Letter to the Editor: Racialized anti-Catholicism
Growing racial tensions in the United States also bring to the surface another long-standing form of discrimination: anti-Catholicism. Unfortunately, today anti-Catholicism is showing its centuries-old racialized roots.
In fact, bias, violence, and even laws against Catholicism date back to the British American colonies that eventually became the United States. Despite promises of religious freedom, the newly-founded Republic kept the old attitudes regarding Catholics. In the great immigration of the 19th century, anti-Catholicism went hand-in-hand with anti-immigrant sentiment. Many of the immigrants were of predominantly Catholic origin, such as Italians, Irish, and Poles. There was plenty of bias against immigrants in general, merely fueling the old prejudice against Catholics.
Laws began to be passed against Catholics, especially in the form of anti-garb laws targeting Catholic clergy and nuns. That those laws were promoted and supported by groups such as the Ku Klux Klan should give anyone pause for thought before supporting them.
Some of those laws were even passed quite recently and persist on the books. North Dakota, for example, passed an anti-garb law in 1948 aimed squarely at preventing nuns from wearing their habits while teaching in public schools, hoping to remove them from state schools altogether. In Nebraska, there was a similar anti-garb law that was actively enforced until it was repealed in 2017, which the governor said righted a wrong that was almost a century old.
Pennsylvania has an anti-garb law that was passed in the 19th century and is still on the books. However, a repeal movement is underway.
In the present climate, racial issues and anti-Catholicism continue to work jointly. First, one of the largest minority groups in the United States, Hispanics, are predominantly and also historically Catholic. (In fact, most of what is now the United States, in terms of European settlement, was either Spanish or French – sometimes both – and Catholic.) Systematic, entrenched, and institutional anti-Catholic bias is easily fueled by anti-Hispanic and anti-immigrant biases.
Furthermore, two ethnic groups in the United States which it seems that it is considered perfectly acceptable to insult, marginalize, or discriminate against are the Italians and the Poles. Both date back to the anti-immigration sentiments of the 19th century and beyond. Both of these populations, Italians and Poles, are historically Catholic, and Rome is the centre of the Catholic Church. It is difficult if not impossible to separate one bias from the other. That remains even where someone of those cultures has converted to another religion or even given up religion altogether, for it is difficult to erase historical influence and perception. As the United States becomes more secular than it was in the past, it is expected that this will make the situation worse.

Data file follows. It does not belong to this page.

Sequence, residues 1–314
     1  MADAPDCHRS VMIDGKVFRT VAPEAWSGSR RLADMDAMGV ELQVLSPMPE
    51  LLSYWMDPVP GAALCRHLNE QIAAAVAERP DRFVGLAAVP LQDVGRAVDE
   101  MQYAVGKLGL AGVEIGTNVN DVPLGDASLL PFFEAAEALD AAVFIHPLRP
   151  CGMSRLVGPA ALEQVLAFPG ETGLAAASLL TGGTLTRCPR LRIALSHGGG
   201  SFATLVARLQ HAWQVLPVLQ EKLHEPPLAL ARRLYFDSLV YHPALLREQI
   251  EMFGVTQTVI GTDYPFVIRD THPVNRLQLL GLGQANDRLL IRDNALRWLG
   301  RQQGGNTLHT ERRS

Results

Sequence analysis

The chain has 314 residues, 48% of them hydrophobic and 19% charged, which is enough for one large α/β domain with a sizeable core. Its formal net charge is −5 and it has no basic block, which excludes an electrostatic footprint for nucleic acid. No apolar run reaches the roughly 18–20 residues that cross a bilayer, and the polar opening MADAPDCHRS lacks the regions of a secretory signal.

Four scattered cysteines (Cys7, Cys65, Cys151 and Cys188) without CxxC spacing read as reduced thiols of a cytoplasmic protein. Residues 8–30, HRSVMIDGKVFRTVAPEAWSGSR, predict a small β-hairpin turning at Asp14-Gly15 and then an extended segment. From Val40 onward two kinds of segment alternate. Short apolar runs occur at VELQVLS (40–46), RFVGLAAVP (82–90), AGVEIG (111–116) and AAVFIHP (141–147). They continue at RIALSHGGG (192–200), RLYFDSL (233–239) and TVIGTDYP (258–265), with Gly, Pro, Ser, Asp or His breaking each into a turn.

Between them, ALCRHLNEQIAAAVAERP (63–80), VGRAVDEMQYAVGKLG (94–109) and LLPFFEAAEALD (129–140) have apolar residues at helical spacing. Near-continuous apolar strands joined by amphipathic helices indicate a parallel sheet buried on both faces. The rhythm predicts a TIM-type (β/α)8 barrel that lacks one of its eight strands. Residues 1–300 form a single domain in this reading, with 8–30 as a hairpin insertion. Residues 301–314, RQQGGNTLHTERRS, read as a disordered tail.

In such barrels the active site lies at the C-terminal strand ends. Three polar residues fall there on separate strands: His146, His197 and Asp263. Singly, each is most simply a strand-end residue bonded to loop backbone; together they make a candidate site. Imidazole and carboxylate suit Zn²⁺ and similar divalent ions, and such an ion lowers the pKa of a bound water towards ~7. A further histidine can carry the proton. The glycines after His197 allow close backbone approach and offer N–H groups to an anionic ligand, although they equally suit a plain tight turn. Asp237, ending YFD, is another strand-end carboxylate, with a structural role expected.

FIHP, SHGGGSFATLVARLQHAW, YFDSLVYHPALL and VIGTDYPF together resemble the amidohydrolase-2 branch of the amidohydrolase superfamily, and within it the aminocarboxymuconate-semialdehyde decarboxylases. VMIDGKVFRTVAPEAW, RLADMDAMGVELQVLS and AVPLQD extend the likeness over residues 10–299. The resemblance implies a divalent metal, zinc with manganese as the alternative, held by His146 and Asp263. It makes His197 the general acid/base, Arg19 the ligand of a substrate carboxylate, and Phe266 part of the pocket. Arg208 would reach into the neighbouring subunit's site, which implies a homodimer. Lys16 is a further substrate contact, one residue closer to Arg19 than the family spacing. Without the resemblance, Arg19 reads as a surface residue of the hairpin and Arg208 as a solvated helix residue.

For a nation that purports to be founded on the notion of religious freedom and tolerance, the fact that anti-Catholicism persists in the form of general bigotry, insidious damage such as workplace discrimination and hiring bias, and even in laws and regulations is absolutely unacceptable. The excuse behind much of this discrimination is a purported need for institutional neutrality under “separation of church and state.” However, the words “separation of church and state” appear nowhere in the Constitution, whereas the right of free exercise of one’s religion is the very first right acknowledged in the Bill of Rights. Traditionally the separation of church and state was simply a metaphor regarding the need to limit the government influence in the church. Likewise, the Constitution does not say that the right to practice one’s religion ends at the doors of government or one’s place of business. Indeed, no person should be so marginalized that they must make a choice between practicing their religion and pursuing their career with the same freedom available to anyone else. Such freedom is the essence of authentic diversity and inclusion.
And, it is clear that deeply-entrenched anti-Catholicism has historically been intertwined and continues to be linked with ethnic bias. There is no perfect society, for people are imperfect. It will make the world a better place, though, if we can simply try our best to treat others as we ourselves would like to be treated.
Archfather Rutherford (Johnson), PhD, ALM, FRGS is a priest, author, and educator with degrees from Harvard University Extension School, the Georgia Institute of Technology, the University of Kentucky, and Pontifical Georgian College. He is a member of the Business Department faculty at the University of Minnesota Crookston.